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Here is a look at the value of first basemen over the past season in OPS fantasy leagues. This is not meant to be a ranking so much as adding a lens to illustrate their relative value with OPS as a component. They are listed from highest to lowest OPS. Note that I only included players with at least 300 plate appearances in 2012.

The Top Ten

Joey Votto – His .337/.474/.567 line is insane and his 1.041 OPS was a career high. I’ve continued to be impressed with his incredibly increasing walk rate: 12.9% in 2009, 14.0% in 2010, 15.3% in 2011, and 19.8% in 2012. I expect him to continue to remain an elite OPS player and potentially league leader in OBP.

Edwin Encarnacion – Despite his sparkling .280/.384/.557 line this year, I’m likely staying away from him in 2013. This year’s .941 OPS looks like an obvious outlier when considering that he hasn’t had an OPS above .800 since 2008, and even then it was only .807. He’s walking more, so he may be able to maintain a higher OBP, but his slugging looks slightly inflated due to his career-high HR/FB. He should challenge 35 home runs if he’s healthy all year, although I wouldn’t plan on him reaching much more than 500 plate appearances, based on his past. For next year, I see a .260/.360/.500 line, yet he’s shown this year that he’s capable of more if everything breaks in his favor.

Prince Fielder – Prince managed to post a .313/.412/.528 line, which is about what you’d expect from him. However, this season he hit significantly more line drives at the expense of fly balls, resulting in a tradeoff of a higher batting average for fewer home runs. I’m curious to see if this continues next year. Regardless, he should remain an elite .900+ OPS player.

Allen Craig – When I covered him earlier this season I thought he would be valuable as long as he stayed healthy. Well, he stayed healthy and produced a .307/.354/.522 line. He has the ability to produce similar numbers going forward.

Albert Pujols – Arguably having the most up and down season of anybody, Pujols had a career-low OPS, with a .285/.343/.516 line. I’m optimistic that his walk rate and HR/FB will improve next season and expect at least a 50 point rebound in his OPS.

Paul Konerko – I’m still amazed that, after posting an OPS below .850 from 2007-09, he produced an OPS above .900 from 2010-11. He was well on his way to accomplishing that again this season, with an OPS near 1.100 at the end of May, before crashing down to Earth from June through the end of the year. The result was still a great .298/.371/.486 line. Nevertheless, four straight months of an OPS below .800 has me hesitant about trusting him in the future. I’m even more uneasy because his fall coincided with him being hit in the head by a pitch in mid-May…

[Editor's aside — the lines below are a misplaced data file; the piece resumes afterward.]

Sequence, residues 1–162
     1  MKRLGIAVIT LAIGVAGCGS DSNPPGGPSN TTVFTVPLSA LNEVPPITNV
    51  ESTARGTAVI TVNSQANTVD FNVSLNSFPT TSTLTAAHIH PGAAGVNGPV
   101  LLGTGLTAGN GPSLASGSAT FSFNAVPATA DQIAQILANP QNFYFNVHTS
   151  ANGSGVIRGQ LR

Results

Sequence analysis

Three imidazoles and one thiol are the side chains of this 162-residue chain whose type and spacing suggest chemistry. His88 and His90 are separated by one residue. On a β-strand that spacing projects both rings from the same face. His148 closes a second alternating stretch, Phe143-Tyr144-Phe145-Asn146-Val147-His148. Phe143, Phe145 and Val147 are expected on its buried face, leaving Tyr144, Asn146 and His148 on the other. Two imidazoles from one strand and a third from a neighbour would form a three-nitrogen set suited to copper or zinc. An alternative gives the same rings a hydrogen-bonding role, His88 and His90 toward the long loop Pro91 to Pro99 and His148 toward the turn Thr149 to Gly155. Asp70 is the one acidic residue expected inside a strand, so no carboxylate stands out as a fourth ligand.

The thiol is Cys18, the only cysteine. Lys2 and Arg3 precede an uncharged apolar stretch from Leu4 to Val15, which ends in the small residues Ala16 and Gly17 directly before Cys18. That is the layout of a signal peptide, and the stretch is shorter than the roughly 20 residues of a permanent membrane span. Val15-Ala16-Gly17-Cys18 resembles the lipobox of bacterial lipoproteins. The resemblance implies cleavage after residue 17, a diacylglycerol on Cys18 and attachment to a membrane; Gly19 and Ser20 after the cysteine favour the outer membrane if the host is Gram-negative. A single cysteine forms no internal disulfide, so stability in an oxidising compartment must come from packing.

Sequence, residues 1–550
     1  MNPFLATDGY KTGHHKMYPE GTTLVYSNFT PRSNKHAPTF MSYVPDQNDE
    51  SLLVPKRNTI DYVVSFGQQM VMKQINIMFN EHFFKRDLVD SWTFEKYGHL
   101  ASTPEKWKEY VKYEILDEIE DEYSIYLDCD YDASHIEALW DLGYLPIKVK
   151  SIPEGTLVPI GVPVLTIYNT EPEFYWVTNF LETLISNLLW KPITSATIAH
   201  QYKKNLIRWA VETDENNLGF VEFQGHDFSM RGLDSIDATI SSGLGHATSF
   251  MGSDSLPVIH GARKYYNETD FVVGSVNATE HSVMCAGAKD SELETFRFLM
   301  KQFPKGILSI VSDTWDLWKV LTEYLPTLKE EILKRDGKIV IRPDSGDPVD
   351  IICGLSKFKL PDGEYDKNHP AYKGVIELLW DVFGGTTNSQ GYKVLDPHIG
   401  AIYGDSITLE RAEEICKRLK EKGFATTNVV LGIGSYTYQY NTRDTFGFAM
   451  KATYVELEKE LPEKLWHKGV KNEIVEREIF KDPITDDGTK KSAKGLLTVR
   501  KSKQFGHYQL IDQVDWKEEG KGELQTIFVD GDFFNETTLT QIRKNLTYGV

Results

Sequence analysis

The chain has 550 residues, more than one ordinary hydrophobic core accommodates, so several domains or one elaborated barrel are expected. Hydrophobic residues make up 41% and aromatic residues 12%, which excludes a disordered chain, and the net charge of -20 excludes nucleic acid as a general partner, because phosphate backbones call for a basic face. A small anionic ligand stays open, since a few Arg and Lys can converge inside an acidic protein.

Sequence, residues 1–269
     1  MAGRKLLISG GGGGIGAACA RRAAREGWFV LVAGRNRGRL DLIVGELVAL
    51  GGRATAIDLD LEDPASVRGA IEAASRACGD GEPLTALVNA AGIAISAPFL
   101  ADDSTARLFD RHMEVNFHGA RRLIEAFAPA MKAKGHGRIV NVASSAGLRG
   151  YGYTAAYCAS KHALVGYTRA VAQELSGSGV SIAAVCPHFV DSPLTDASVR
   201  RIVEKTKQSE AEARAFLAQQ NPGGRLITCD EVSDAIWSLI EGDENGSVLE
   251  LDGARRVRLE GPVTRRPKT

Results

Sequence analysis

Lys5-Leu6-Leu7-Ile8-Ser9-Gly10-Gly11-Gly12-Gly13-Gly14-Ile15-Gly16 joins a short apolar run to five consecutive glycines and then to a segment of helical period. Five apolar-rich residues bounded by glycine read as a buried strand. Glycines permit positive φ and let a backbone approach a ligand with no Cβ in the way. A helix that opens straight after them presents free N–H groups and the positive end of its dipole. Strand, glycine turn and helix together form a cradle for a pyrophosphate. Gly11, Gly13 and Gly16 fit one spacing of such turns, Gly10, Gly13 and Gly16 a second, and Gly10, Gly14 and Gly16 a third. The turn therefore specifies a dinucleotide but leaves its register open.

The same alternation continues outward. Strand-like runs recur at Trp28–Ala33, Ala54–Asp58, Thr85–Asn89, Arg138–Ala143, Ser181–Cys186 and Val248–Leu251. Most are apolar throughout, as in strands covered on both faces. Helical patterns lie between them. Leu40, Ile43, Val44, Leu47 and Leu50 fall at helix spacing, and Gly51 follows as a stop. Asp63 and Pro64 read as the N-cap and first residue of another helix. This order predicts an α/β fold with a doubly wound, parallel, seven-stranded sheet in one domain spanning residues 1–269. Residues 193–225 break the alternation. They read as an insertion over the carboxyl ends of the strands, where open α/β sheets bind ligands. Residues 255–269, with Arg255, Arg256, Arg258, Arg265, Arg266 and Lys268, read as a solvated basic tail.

Adam LaRoche – His presence this high on the first baseman list shows just how mediocre they were as a group. Yes, LaRoche had a nice year, hitting 33 home runs and a solid .271/.343/.516 line, but I expect some regression in 2013. Something like 25 homers and an .825 OPS seems reasonable.

Paul Goldschmidt – A 42 point OPS increase from 2011 led to a .286/.359/.490 line and he appears to have the potential for additional improvement. This year he decreased his strikeouts dramatically while increasing his line drives and contact rate. He may have had a bit of bad luck with his HR/FB and I wouldn’t be surprised to see him easily hit 30 home runs next season.

Corey Hart – His .270/.334/.507 line fits right in with his career average. He’s been a very consistent player over the past couple years and I believe that he will produce similar number going forward.

Nick Swisher – Like Hart, his .272/.364/.473 line is close to his career average and I expect this to continue next year.

I Wish I Drafted LaRoche Instead

Eric Hosmer – To call his season a disaster may not be the right word, but it’s the first word that comes to mind. After his .799 OPS in 2011, Hosmer teased with the potential for significantly more this year. Unfortunately, he ended up torturing fantasy owners with his .232/.304/.359 line. It’s easy to look f0r a rebound, but I still plan to stay far away from him in re-draft leagues. I expect him to fall short of an .800 OPS.

Adrian Gonzalez – What a disappointment. Since his fantastic 2009 season, his walk rate has disappeared: 17.5% in 2009, 13.4% in 2010, 10.3% in 2011, and 6.1% in 2012. In addition, his HR/FB went from over 20% in 2008 and 2009 to exactly 16.4% in both 2010 and 2011. This year his HR/FB is at a meager 9.6%. A red flag is that he was swinging at and making contact with more pitches outside the strike zone. He should rebound next year, but I’m not sure how much. His .299/.344/.463 line doesn’t suggest that he can post an OPS above .900 and I wouldn’t expect to see more than an .850 OPS.